Q. How do I decide which college is the best choice for me?
An individual’s skills, abilities, interests, and goals will help the student match up to the best college.
Q. Can I change my college and/or my specialization?
Students are able to change their college and/or their specialization. Before making any changes, students are strongly encouraged to meet with their academic advisor, not only to discuss changes, but to regularly review their progress on an ongoing basis.
Q. Is there an aviation minor?
An Aviation-Minor is available. It can be used to complement a student’s current degree program, earn extra credit hours, or to become more informed about aviation. Please see your academic advisor for more details.
Q. How many students are in various aviation specialization?
There are approximately 250 aviation students, generally evenly split between Professional Pilot and Aviation Management.
Q. Are the costs of the Professional Pilot certification included in tuition?
The costs for the flight education component of the Professional Pilot specialization are not part of regular tuition. They are processed as laboratory fees in addition to regular tuition. However, flight lab fees are included on the tuition statement, which allows a student to apply for greater amounts of financial aid or to use veteran’s benefits to cover the costs of flight training. At the beginning of each new flight lab, a student is required to pay up-front the cost of the course. For more information about costs and flight lab fee policies, please click here.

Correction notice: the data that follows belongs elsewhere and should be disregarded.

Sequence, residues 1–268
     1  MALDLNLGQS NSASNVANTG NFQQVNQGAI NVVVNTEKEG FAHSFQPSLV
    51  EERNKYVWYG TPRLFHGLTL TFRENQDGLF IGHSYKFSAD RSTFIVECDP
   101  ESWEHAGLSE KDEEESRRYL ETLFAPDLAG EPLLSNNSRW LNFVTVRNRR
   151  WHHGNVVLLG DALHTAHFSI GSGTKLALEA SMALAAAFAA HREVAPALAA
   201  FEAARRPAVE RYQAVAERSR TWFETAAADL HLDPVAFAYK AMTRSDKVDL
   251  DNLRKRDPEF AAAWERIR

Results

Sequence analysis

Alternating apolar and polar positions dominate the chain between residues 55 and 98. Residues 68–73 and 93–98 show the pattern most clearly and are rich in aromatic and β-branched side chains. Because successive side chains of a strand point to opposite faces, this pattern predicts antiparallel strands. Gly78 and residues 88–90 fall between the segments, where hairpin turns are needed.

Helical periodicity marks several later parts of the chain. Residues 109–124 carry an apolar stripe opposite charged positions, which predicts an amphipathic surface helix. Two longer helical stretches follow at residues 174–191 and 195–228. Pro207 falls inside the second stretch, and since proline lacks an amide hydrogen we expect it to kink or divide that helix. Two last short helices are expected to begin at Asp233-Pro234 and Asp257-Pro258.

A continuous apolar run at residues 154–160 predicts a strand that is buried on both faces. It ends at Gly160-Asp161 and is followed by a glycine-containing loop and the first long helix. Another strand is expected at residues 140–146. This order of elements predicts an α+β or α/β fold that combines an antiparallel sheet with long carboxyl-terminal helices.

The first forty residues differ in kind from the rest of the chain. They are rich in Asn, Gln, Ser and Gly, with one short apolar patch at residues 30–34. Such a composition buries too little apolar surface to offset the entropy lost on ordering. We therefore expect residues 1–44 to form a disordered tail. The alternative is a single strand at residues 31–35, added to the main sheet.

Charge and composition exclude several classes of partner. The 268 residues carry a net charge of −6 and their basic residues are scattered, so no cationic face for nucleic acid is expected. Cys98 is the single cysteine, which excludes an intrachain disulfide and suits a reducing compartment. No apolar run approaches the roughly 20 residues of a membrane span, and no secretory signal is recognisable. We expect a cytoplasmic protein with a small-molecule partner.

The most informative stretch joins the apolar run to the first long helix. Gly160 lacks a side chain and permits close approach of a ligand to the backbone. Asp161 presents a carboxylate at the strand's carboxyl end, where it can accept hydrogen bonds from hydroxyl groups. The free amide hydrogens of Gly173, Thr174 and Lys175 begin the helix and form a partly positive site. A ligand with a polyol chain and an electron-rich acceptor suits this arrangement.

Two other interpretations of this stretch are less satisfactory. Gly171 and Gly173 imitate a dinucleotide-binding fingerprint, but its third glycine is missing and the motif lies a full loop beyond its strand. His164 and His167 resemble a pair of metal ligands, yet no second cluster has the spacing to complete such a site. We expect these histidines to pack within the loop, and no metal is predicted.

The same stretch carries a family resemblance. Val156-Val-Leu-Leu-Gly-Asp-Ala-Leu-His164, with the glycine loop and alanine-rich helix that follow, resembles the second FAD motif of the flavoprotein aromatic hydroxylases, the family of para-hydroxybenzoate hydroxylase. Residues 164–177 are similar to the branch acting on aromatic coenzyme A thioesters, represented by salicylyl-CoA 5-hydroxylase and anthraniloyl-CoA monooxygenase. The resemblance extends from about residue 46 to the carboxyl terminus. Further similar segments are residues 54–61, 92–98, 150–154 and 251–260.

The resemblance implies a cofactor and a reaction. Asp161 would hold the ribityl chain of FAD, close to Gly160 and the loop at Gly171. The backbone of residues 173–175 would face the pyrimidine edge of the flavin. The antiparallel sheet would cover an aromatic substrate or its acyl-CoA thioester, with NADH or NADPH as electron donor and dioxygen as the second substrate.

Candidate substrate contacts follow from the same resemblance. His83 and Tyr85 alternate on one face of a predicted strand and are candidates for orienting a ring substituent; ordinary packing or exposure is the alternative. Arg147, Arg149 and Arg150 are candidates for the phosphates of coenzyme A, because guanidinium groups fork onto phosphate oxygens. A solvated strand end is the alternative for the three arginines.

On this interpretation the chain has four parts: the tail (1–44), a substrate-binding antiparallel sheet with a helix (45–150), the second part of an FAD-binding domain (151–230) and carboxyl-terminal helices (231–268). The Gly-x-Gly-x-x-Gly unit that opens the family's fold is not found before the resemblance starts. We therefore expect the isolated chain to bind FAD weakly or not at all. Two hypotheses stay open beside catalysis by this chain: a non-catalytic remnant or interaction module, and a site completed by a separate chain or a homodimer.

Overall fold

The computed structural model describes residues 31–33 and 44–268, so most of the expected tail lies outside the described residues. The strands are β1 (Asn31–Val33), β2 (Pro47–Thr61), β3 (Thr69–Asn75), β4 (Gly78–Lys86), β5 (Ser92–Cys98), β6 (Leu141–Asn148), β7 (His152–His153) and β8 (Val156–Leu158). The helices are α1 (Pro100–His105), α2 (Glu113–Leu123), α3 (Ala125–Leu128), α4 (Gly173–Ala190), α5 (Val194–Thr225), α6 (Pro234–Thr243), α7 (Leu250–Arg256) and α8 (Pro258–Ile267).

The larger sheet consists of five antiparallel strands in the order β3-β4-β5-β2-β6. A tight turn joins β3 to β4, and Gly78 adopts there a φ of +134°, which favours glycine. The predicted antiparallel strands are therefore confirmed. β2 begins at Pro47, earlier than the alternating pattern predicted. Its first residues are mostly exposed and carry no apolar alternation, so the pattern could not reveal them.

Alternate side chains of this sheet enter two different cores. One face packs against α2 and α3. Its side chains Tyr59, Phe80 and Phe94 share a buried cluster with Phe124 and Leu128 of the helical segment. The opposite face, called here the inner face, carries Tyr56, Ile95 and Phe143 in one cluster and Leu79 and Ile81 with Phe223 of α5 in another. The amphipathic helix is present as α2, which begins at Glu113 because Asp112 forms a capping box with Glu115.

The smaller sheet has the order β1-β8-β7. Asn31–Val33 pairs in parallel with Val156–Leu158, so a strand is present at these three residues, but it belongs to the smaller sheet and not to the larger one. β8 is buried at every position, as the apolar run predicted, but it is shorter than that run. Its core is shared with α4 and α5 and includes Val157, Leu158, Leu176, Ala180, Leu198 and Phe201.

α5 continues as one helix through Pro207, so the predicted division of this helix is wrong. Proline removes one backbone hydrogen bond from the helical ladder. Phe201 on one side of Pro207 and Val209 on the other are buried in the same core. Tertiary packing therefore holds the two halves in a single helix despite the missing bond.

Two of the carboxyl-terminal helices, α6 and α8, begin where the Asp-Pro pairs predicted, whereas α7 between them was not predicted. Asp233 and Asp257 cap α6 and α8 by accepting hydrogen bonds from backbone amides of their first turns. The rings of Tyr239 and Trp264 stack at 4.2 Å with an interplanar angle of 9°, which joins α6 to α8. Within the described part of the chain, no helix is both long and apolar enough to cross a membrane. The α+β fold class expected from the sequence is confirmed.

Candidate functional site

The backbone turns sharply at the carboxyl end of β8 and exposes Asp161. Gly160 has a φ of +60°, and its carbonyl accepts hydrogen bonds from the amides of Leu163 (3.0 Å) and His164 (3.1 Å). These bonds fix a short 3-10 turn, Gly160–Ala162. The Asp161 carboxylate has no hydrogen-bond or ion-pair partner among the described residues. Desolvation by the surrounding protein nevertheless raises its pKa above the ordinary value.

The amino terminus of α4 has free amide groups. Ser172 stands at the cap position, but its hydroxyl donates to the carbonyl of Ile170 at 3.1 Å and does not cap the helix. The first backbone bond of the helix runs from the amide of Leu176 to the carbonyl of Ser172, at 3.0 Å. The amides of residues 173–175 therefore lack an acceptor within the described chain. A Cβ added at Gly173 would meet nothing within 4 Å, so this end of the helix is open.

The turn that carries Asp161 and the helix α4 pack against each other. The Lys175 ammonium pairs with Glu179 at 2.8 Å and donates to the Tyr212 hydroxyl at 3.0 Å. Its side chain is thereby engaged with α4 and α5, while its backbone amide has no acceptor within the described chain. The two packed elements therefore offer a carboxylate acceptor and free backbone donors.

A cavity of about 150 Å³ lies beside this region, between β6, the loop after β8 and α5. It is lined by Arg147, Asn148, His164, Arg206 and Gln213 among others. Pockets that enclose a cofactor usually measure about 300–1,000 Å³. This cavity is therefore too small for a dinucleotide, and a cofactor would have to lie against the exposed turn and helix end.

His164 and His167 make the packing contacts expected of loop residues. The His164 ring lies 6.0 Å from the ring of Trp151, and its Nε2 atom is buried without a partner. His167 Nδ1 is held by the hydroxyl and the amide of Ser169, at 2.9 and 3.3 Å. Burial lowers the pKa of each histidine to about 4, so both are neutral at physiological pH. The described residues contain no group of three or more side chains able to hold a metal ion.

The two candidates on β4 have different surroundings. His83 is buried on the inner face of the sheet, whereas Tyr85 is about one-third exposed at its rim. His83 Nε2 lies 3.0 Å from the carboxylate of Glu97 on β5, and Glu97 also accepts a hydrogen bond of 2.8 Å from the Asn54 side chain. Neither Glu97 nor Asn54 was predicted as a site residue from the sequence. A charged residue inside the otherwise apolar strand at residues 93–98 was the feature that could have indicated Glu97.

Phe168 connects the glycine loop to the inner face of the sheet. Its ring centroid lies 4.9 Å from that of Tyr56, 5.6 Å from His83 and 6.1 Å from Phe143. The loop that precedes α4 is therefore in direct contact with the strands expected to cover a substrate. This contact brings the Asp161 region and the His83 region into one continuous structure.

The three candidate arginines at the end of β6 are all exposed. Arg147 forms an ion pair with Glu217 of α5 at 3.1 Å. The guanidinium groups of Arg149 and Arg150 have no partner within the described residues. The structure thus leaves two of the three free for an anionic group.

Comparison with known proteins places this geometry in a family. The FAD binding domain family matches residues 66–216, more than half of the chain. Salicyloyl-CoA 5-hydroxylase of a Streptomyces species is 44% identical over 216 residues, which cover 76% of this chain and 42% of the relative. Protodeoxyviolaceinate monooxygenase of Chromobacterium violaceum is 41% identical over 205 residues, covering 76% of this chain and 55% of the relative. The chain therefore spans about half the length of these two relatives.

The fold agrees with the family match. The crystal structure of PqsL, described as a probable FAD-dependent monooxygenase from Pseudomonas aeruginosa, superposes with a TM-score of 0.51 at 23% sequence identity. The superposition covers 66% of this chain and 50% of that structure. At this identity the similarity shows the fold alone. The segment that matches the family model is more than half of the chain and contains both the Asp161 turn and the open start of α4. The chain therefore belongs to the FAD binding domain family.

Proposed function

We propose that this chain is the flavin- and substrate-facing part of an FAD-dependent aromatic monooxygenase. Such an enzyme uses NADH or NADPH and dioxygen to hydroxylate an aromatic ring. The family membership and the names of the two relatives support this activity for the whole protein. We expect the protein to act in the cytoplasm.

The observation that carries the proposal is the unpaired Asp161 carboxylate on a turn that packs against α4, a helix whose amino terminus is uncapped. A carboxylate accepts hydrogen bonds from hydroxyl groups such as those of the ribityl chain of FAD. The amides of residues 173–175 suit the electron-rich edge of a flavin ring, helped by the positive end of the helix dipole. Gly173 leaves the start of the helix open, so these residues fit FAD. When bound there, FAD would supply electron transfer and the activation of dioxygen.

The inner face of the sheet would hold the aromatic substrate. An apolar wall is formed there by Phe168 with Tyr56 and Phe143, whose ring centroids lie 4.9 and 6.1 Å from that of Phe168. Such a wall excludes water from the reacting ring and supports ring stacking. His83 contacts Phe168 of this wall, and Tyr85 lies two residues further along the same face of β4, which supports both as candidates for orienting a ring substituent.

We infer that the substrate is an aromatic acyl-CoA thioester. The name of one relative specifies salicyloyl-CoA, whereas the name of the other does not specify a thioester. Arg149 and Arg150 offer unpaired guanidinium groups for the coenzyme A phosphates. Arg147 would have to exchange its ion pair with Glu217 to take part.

Q. Besides traditional financial assistance resources, are there aviation financial assistance resources for tuition and/or flight lab fees?
CAS offers six internal scholarships every year with varying eligibilities and award amounts totaling upwards of $10,000. More information about these scholarships can be found on the CAS website (www.aviation.osu.edu). In addition, many industry groups and nonprofits also offer scholarships to students. Numerous scholarships are available specific to aviation. Local businesses offer a number of scholarships specific to Ohio State Aviation as do a number of other sponsors.
Please see the Scholarships section of this website for more information.
Q. How long does the flight component of Professional Pilot Specialization take?
The flight component is designed to last nine quarters. However, adverse weather conditions may affect program completion time. It is suggested that students begin flying as soon as possible, continue flying during summer quarters, and allow extra time for completion.
Q. Which licenses and ratings are earned in the Professional Pilot specialization?